Arsy varsey: To fall arsy varsey, ie head over heels
Grose saw what he was doing as a celebration of British democracy, arguing in his introduction: “The freedom of thought and speech arising from, and privileged by, our constitution, gives a force and poignancy to the expressions of our common people, not to be found under arbitrary governments, where the ebullitions of vulgar wit are checked by the fear of the bastinado, or of a lodging during pleasure in some gaol or castle.” Quite a justification for bringing together ‘Arsy varsey: To fall arsy varsey, ie head over heels’ and ‘Gollumpus: A large, clumsy fellow’.
“Grose definitely understands that slang is a form of rebellion,” says Coleman. “It exists in opposition to standard language. It arguably wasn’t possible to publish a slang dictionary before Johnson had published his dictionary of standard language – until you had a dictionary of standard language, you didn’t know what you were positioning your dictionary against.”
Bards and brothels
According to Dent, that tension offers us better insight into the time. “Precisely because of their vastly different approaches, Johnson’s and Grose’s dictionaries deliver together a far more complete snapshot of 18th-Century English than either of them singly could hope to offer,” she wrote in a 2013 Oxford University Press blog post. “While Johnson looked to the poets and bards to exemplify his terms, Grose’s sources were the London taverns, brothels, slums, and gambling-houses he visited during his midnight walks. It was from their occupants that he learned that to ‘blow the groundsils’ was ‘to lie with a woman on the floor’, that ‘abel-whackets’ were ‘blows given on the palm of the hand with a twisted handkerchief; a jocular punishment among seamen, who sometimes play at cards for wackets’, and that ‘ballocks’, besides being ‘the testicles of a man or beast’, was ‘also a vulgar name for a parson’.”
While Johnson looked to the poets and bards to exemplify his terms, Grose’s sources were the London taverns, brothels, slums, and gambling-houses he visited during his midnight walks.
Although placed at a lower value than standard language, the terms in Grose’s dictionary are an important tool for interpreting the past. “Slang is more interesting because some of it is so ephemeral and of its time that it reflects something wider happening in society,” says Coleman. “Why was there an explosion of terms for prostitutes at a particular time, or for gin? It offers a barometer for the things that people are feeling anxious about.”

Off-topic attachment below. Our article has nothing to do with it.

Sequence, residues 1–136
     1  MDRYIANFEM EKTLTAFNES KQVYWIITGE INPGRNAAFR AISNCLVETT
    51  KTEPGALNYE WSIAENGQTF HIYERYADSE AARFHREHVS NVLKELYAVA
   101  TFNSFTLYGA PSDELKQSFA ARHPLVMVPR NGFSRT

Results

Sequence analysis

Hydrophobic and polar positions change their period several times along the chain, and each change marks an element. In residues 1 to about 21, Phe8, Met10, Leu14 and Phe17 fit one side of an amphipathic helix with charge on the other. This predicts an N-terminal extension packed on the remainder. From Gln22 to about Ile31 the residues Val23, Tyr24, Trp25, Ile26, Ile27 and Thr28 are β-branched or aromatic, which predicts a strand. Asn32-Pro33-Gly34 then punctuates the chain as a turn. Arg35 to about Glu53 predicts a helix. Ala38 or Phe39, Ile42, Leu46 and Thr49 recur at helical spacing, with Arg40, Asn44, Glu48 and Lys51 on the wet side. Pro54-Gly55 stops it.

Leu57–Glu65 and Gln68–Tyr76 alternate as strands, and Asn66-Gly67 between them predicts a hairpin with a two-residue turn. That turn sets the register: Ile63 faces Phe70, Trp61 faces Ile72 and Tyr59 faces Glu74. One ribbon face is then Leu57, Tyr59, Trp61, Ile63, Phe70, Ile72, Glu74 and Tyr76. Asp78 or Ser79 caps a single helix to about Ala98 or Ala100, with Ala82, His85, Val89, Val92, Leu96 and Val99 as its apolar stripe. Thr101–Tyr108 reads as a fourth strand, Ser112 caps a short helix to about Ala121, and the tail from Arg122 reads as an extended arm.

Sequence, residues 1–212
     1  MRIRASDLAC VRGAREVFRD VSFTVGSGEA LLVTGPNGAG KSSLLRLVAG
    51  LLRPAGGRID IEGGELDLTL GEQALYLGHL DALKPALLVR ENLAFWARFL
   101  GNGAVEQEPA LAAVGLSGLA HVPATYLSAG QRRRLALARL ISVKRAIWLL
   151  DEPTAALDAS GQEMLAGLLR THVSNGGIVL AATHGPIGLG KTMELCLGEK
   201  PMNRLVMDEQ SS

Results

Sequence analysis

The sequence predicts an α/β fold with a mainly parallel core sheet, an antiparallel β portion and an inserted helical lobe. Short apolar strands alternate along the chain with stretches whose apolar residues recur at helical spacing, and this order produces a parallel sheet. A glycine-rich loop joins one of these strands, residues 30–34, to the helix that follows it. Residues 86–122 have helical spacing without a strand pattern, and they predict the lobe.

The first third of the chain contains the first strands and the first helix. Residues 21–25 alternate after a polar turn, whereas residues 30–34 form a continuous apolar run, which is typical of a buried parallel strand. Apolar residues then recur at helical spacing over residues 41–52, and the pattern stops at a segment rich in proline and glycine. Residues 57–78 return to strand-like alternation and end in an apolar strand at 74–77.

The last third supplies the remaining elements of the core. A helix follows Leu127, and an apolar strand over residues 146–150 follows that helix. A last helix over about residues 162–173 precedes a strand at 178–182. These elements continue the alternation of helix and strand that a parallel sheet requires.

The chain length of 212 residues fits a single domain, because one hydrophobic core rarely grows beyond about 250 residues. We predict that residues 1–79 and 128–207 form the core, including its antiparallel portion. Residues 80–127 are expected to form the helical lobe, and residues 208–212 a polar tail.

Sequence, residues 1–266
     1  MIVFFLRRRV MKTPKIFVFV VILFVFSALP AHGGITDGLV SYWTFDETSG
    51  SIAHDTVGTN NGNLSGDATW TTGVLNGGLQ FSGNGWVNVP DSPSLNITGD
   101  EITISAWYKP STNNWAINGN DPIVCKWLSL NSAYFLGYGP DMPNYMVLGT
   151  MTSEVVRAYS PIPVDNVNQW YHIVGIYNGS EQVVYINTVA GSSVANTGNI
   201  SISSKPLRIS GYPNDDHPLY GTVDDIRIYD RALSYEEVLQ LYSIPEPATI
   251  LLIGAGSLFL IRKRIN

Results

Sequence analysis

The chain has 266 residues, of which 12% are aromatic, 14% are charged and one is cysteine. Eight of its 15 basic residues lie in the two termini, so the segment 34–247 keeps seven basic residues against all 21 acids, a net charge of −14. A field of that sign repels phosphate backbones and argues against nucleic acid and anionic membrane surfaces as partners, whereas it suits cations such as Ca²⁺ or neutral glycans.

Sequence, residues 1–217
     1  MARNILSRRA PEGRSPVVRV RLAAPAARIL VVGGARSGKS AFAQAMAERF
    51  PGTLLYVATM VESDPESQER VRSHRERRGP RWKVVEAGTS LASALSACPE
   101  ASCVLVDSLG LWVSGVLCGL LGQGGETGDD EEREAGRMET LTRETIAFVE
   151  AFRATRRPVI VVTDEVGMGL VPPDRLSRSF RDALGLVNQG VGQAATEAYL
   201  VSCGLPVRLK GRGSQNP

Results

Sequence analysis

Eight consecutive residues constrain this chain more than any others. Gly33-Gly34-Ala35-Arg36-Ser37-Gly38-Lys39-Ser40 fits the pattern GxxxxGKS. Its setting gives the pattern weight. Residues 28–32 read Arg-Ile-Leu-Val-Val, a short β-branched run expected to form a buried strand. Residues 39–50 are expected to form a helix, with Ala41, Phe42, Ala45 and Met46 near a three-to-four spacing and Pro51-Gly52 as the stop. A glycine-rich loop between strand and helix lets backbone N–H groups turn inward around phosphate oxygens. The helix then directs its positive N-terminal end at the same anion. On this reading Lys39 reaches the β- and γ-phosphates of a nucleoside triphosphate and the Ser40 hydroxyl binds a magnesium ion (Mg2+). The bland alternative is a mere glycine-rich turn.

The successive attempts to document supposed ‘secret languages’ were caused by social change, she argues. “Thomas Harman was worried about beggars because this was a period in which you could only get poor relief in your home parish, which acted as a disincentive to charity. Poor people were more likely to be driven away if there was any excuse to do so, meaning there were hordes of beggars wandering around the countryside trying to find someone who would help them.”
Highwaymen Dick Turpin and Tom King, 1735 (Credit: Lordprice Collection/Alamy Stock Photo)
In turn, the focus shifted as anxieties moved on. “Later, people were worried about different things – so in the 18th Century they were worried about highwaymen. If you lived in the country and you were going to your London house, the only way of transporting money was carrying it in a bag – there weren’t any cheques or bankbooks. That made it very profitable to hang around by roadsides and steal money from people.”
Cutpurses and cardsharps
Coleman explains in her book how The Vulgar Tongue also addressed contemporary issues. “Grose’s dictionary was a shrewd appeal to the concerns of its time. The out-of-towner coming to London, as so many did during this period, needed to understand the language used there. Customers wanted to be alert to tradesmen’s tricks. Property-holders could be encouraged to fear the plottings of the menacingly large underclass. Justices of the Peace had to keep track of criminal ingenuity,” she writes. “On the other hand, those enjoying the dynamic fast-moving world liked to be up to date in their speech and manners as well as their clothes. The disreputable of all social classes enjoyed a dirty story and a good joke.”
It’s a reminder of the power of slang. “Sometimes it acts as a melting pot,” Coleman tells BBC Culture. “In the US, all these different people with different family backgrounds came together and these words were tried out – if they passed muster they became part of standard American English. We tend to talk about slang as polluting or degrading in British English, whereas in the US it’s seen as enriching.”
Grose never saw the words he collected as a form of verbal pollution. Instead, he revelled in them, and his dictionary continues to be relevant today. Many words are still in common usage, including babble, bamboozle, cat call, chatter box, cock and bull story, curmudgeon, flabbergasted, and gibberish. The Oxford English Dictionary cites the first edition of The Vulgar Tongue 487 times. “Grose’s collection of slang from the streets has had a lasting legacy, arguably influencing every slang glossary published since,” says Dent.
Despite the bawdiness and puerility – or perhaps because of it – Grose’s book is more than a dictionary, lending poetry to common phrases and philosophy to wordplay. “Few would ever think of reading a dictionary: we see them as quick reference sources to dip in and out of,” says Dent. “But read one entry from Grose’s dictionary and it will draw you in, and before you know it you’ve spent an hour exploring the results of his nightly conversations with the cutpurses, cardsharps, and revellers of London.”